"It was 1964 - I was a freshman in college in Chicago that fall. I was hanging out with a crowd of mostly first-year college students, and some high school students, all STEM students, math and physics majors, early computer science majors. Anyway, most of the kids were into playing chess - there were a couple of rated masters in the group. We used to have a party every Saturday evening.
One night it was at a big house in Evanston, an upscale suburb north of Chicago. This was really before many youths were smoking grass; That came about a year later. There were a few drinks, loud music on the stereo, and about 20 or more kids laying about all over the floors, playing chess.
At some point, neighbors called the cops about the wild, noisy party. A squad car pulled into the driveway, and two cops came in through the wide-open door and saw all these kids laying about the floor, playing chess. They walked through the living room, the dining room, the den, all filled with chess games. Loud rock and roll on the stereo, nobody saying a word, just intent on chess. None of the kids even noticed the officers walking through.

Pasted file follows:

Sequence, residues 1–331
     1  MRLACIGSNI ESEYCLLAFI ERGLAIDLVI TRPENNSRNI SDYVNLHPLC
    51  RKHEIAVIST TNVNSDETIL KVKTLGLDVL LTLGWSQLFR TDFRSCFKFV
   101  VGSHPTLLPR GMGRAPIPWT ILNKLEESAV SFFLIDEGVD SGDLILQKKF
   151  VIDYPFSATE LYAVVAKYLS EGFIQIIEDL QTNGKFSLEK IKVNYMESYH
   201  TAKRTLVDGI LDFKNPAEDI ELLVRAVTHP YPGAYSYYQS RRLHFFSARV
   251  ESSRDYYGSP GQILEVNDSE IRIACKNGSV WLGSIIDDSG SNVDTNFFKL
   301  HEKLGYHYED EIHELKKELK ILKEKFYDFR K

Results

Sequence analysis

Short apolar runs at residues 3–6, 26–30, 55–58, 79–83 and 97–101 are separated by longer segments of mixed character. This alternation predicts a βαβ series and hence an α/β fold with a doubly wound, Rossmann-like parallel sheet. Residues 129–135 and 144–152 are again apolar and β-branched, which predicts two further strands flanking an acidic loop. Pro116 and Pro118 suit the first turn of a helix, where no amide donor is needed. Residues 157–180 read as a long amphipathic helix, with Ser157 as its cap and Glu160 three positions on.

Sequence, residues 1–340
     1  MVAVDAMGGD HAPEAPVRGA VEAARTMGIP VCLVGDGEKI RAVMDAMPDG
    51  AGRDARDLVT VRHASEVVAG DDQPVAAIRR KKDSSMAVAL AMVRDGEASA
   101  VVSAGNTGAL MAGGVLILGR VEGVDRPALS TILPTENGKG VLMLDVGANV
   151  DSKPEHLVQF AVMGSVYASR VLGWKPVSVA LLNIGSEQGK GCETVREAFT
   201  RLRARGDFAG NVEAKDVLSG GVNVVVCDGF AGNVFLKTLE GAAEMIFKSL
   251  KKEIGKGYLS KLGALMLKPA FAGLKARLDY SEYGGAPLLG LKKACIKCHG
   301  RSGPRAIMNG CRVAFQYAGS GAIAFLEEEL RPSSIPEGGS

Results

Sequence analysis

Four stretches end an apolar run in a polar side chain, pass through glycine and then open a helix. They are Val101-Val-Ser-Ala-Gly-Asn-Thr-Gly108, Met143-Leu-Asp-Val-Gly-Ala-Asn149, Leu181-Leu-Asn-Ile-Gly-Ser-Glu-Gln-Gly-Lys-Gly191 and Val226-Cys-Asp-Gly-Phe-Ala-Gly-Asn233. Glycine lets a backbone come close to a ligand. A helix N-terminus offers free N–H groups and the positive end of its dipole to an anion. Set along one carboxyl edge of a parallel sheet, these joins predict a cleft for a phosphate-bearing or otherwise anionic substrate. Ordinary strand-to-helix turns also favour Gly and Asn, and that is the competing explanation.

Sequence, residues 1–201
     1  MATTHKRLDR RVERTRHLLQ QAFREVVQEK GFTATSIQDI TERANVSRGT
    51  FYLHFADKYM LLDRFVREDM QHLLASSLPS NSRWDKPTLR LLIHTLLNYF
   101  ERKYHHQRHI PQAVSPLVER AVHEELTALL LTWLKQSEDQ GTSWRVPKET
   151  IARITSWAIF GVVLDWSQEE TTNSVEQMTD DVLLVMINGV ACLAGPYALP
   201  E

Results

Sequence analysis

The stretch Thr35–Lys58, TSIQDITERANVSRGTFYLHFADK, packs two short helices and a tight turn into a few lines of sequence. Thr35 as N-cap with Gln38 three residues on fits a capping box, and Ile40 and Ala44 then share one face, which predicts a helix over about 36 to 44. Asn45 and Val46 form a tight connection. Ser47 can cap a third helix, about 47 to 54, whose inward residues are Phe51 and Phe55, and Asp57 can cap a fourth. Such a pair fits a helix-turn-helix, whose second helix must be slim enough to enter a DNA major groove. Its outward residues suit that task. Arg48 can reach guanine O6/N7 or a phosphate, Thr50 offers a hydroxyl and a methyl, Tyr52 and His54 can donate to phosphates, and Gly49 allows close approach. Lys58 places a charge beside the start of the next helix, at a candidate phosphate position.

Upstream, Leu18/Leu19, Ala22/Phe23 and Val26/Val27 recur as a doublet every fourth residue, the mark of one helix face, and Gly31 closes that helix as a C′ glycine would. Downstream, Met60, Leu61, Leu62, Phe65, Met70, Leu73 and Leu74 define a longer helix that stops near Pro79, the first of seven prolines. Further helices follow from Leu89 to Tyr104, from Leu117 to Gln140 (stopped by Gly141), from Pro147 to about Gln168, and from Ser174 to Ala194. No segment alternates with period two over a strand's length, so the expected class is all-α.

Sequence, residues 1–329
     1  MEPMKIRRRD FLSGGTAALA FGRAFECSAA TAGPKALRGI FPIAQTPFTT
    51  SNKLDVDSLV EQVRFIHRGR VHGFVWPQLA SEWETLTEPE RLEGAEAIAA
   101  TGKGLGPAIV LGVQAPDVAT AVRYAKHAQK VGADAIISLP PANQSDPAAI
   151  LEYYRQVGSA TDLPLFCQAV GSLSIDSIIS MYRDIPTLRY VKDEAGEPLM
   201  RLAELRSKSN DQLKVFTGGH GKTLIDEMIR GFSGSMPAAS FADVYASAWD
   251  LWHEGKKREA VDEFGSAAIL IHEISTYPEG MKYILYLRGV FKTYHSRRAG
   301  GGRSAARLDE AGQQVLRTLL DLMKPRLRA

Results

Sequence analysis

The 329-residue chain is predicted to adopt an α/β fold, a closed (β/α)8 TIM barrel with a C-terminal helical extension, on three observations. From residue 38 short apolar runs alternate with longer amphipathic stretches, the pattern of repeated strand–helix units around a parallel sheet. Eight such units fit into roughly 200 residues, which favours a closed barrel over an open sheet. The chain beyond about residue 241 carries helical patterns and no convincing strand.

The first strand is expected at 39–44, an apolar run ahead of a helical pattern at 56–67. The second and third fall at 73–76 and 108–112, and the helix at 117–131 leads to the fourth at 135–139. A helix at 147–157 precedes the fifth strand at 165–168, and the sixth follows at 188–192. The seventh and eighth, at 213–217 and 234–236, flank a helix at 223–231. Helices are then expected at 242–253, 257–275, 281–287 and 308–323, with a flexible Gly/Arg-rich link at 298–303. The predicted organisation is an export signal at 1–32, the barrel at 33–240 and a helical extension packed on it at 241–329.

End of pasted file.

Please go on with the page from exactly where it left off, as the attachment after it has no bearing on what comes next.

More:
Finally, the cops went upstairs. One bedroom, another three chess games. Still, nobody noticed them walking in, or walking out. In the second bedroom, one of the guys, who was a rated chess master, was playing four simultaneous chess games with four different opponents, sitting in the middle of four boards. He, finally, noticed the two cops. He immediately picked up another chessboard, held it out to them, and asked, 'Game?'
Somebody in the living room looked up and saw them going out the door, shaking their heads."
"Eleven years ago, we rented a house from a friend.
They had bought a new house and since their existing house was paid off, they decided to rent it out for extra income. The house was located in a cul-de-sac with several other homes. Most of the residents had grown up there and were second generations with paid-off homes. Several of them did the same thing, bought a new house somewhere else, and rented the family home.